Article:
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Finance settlement date unveiled ahead of 'huge' funding challenge

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The date of when details of the local government finance settlement for 2019-20 will be published has been unveiled. 

The Ministry of Housing, Communities & Local Government said it will deliver the provisional settlement for next year on 6 December.

This comes as the ministry said it will try to give councils more certainty and time with budget planning in the future as it will aim to deliver future provisional settlements on or around the 5 December and the final settlement no later than the 31 January.

Local government minister Rishi Sunak outlined the move in a response to an independent review into the department’s oversight of the business rates system. 

Mr Sunak said: “We recognise taking a more planned approach towards the provisional local government finance settlement in future will be fundamental to ensuring local authorities are given more certainty, and the time and space to consider their financial positions for the coming year.

“With this in mind we will aim to publish the provisional and final settlements on or around the same dates every year from this December.”

The review by former Treasury director general Andrew Hudson noted the provisional finance settlement had been delivered later in recent years.

The task of responding to this, he said, “has been made more challenging, both for the department and for local authorities, because announcements have been made at an increasingly late stage in the annual cycle”.

Since the 2012 announcement for 2013-14, the provisional settlement has been announced between 15 and 19 December, compared to late November or very early December in the 2000s, with the final settlement in the first week of February rather than the last week of January.

The late delivery has been attributed to when budgets are delivered and Mr Hudson’s report noted that could continue but warned: “The later policy decisions are taken, the greater the risk that there will be difficulties in implementing changes.”

While late delivery of the finance settlement impacts on councils, it also impacts on the ministry’s workforce too.

“The combination of complexity [with business rates] and a tight timetable has raised the risks for the department,” the report said. “These risks include later delivery of the figures, and making an overpayment or underpayment to local authorities, with knock-on consequences for service delivery, and for reputational risk to the department.”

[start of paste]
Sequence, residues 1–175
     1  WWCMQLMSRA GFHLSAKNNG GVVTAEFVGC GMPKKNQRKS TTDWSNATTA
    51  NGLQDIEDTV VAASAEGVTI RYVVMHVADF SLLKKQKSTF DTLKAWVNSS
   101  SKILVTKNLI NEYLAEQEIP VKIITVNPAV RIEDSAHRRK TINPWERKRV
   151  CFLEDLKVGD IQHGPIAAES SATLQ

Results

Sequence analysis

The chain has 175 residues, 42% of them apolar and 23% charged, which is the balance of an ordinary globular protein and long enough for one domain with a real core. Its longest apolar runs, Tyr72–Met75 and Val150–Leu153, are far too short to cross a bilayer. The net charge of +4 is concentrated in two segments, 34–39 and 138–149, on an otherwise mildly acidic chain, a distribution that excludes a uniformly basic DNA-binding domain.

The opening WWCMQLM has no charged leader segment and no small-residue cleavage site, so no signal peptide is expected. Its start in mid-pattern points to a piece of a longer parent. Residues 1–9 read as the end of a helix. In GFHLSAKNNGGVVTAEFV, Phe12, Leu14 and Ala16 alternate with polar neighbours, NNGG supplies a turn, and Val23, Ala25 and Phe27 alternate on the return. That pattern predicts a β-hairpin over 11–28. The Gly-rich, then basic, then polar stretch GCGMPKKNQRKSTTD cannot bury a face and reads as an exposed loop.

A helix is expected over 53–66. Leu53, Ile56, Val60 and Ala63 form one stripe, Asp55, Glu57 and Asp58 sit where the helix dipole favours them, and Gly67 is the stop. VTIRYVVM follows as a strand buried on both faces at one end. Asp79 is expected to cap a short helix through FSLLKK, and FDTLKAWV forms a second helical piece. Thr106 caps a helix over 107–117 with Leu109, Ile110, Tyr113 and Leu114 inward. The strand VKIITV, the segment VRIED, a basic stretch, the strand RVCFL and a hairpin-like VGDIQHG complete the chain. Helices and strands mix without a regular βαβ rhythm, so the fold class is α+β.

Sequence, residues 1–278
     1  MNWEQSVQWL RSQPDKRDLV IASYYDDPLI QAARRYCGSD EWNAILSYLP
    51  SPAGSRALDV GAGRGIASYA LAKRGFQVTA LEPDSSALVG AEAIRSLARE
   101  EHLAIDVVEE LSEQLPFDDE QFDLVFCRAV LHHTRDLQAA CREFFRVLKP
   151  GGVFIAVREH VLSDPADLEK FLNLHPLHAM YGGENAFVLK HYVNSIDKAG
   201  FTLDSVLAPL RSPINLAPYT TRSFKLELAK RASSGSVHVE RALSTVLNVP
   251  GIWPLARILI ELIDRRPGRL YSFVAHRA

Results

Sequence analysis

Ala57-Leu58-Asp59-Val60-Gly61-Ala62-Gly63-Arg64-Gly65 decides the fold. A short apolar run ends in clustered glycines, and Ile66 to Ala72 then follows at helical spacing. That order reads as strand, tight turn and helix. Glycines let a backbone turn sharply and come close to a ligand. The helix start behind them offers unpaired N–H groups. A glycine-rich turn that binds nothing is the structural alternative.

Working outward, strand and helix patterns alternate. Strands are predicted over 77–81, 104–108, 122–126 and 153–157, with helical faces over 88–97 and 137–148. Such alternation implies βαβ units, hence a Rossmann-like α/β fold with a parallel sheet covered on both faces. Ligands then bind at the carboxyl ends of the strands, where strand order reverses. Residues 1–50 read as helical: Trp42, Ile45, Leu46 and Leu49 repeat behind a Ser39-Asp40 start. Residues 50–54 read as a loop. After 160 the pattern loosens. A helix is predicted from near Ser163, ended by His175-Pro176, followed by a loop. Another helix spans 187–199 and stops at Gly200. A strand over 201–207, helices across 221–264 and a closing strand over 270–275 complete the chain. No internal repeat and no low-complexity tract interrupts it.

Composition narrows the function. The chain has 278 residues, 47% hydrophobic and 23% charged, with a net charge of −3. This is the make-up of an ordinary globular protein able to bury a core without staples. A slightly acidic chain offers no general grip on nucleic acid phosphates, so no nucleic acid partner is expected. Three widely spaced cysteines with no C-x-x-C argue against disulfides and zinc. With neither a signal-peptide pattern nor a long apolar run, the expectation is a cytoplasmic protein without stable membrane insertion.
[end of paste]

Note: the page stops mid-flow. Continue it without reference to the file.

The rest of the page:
The review noted how the number of people at the ministry working on the local government finance system has fallen by more than 13% - from 115 full-time equivalent staff at the end of March 2012 to just under 100 in August 2018.

Former housing and communities secretary Sajid Javid commissioned the review after some councils involved in business rates pilots were overpayed by a combined total of £36m.

Mr Hudson said he had found the ministry had generally “responded well to the challenges” of overseeing changes to the business rates system, despite last year’s error, but added: “That success, however, has relied very heavily on the efforts of the people in the teams, rather than on established structures and processes.”

The review said the methodology that underpins the distribution of funds to councils contained 78 variables in 2017-18 but that had almost doubled to 146 in 2018-19, largely due to the expanded business rates retention pilots programme.

Mr Hudson said “the rapid increase in complexity in business rates, for all concerned, has been exceptional. And this complexity could easily grow further if there is more focus on rates as part of business tax policy and hence wider economic policy at the same time as reductions in grant continue to increase local government’s overall dependency on business rates.”

Looking ahead to the 2020-21 finance settlement, Mr Hudson drew attention to next year’s spending review and 2020 when the ministry intends to implement the fair funding review. He warned the ministry “faces a huge challenge in bringing these three sets of changes together in preparing the 2020 settlement. And by the time the settlement goes live, the Valuation Office Agency will be well advanced with the preparations for the next full revaluation in 2021.”

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